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French word of the day: Mollo

The French word of the day is 'Mollo'.
Photo: Annie Spratt/Unsplash/Nicolas Raymond
This word, derived from Italian, reminds us to slow down.

Why do I need to know mollo?

Because if someone shouts this at you, it’s probably for your own good.

What does it mean?

Mollo is all about slowing down the rhythm, usually because you need to be extra careful.

It often takes the form of a command, either on its own, or as part of the expression y aller mollo – to take it easy, without rushing. If our friend is helping you move and you see him picking up an expensive mirror for example, you could say, “Vas-y mollo, c’est fragile” (Take it easy, it’s fragile).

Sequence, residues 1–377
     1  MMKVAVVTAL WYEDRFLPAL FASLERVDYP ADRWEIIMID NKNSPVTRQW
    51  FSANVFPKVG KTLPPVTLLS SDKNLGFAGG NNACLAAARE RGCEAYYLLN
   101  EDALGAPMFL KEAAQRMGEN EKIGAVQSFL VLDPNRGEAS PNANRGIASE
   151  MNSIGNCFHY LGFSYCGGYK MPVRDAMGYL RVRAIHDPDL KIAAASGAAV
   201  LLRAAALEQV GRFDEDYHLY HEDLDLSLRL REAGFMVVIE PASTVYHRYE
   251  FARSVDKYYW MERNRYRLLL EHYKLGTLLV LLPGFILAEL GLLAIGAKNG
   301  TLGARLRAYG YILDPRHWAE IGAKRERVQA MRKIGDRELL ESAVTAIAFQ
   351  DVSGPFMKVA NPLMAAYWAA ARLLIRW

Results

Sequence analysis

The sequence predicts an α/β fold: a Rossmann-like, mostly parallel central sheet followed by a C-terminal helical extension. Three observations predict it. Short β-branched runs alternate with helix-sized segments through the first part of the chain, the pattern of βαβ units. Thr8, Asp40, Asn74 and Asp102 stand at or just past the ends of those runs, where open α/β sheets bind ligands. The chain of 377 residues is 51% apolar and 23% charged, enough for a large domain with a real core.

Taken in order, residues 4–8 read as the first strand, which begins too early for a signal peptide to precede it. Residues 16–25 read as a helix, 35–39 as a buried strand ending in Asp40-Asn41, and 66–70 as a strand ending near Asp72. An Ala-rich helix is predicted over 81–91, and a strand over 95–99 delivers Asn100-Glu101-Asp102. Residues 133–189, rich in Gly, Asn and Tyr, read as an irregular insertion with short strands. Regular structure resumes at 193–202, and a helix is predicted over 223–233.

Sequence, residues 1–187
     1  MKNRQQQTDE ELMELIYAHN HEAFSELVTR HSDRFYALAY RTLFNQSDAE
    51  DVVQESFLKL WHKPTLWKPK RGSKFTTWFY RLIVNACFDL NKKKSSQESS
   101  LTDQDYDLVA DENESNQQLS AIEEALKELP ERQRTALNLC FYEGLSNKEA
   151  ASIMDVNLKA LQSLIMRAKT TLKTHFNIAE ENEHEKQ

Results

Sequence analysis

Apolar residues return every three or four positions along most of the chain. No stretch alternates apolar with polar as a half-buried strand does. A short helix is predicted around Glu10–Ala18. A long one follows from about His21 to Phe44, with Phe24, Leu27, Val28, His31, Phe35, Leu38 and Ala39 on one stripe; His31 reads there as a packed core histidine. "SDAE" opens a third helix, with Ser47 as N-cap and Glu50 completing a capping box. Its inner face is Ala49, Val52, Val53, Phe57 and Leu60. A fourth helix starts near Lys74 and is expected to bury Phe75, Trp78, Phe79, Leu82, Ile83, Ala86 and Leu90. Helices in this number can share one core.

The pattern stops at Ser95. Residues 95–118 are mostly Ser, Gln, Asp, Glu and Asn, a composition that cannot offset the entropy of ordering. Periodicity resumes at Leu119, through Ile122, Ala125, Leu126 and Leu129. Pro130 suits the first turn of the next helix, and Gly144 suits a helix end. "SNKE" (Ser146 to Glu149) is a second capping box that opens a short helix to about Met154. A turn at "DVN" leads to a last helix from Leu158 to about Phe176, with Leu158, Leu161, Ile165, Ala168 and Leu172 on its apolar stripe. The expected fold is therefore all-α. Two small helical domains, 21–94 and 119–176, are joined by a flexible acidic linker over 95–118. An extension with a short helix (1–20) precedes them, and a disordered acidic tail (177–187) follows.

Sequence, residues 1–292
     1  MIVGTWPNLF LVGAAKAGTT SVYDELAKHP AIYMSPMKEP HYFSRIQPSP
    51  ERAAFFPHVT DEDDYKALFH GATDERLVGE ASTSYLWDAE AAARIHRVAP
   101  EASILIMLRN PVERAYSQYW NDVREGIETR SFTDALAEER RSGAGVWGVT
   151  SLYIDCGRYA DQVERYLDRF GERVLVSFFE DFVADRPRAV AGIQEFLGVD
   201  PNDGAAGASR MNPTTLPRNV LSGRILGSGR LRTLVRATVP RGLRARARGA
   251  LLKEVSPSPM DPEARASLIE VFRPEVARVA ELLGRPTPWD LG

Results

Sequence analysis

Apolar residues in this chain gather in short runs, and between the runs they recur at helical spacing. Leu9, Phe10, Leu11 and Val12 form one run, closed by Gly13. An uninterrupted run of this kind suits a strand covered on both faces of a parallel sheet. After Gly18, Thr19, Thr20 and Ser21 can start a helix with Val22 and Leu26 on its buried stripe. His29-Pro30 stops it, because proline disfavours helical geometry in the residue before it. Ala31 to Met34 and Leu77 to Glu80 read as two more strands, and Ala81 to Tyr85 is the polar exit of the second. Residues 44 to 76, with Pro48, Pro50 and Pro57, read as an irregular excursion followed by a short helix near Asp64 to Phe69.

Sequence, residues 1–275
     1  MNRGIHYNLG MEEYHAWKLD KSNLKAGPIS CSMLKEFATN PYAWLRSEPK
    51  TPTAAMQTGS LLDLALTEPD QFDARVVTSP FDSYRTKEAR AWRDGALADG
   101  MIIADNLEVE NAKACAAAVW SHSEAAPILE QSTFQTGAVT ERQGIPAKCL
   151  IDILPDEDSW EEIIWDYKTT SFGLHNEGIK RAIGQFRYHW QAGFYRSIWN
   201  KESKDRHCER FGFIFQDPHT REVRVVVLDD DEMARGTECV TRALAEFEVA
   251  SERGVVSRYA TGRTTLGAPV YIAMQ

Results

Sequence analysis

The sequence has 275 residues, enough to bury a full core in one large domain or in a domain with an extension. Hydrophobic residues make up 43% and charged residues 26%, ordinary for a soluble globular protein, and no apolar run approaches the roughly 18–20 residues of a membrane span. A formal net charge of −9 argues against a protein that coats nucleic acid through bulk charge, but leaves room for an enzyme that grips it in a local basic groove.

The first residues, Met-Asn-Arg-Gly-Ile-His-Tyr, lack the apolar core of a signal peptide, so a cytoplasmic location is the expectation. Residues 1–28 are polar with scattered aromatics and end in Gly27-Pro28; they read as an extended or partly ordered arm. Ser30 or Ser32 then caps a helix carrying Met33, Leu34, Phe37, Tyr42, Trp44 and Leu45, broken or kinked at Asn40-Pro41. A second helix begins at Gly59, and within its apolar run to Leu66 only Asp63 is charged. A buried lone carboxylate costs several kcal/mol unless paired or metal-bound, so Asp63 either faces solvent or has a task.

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You can also tell someone “Vas-y mollo” when the thing that’s fragile is a person – for example, you can use it if a friend is preparing to confront someone but you think they should go easy on them.

If it doesn’t sound like a French word, that’s because it’s not. According to Stéphane Bern, the term comes from the Italian verb mollare, meaning to let go, or to give in.

But it’s also close to other French words with similar meanings. The term molle means “soft”, and by extension, mollement means “gently”.

Both of the ‘o’s in mollo are pronounced the same way – how you’d pronounce the letter on its own.

Use it like this

On y va mollo au départ sinon on va être fatigué – Let’s take it easy at the start, otherwise we’re going to get tired

Mollo sur le sel ! C’est pas bon pour le coeur – Easy on the salt! It’s not good for the heart


Member comments

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  1. Hi:

    I wish The Local would add the little speaker to pronounce the word. I don’t speak French and it would be helpful to hear the word. Thank you.

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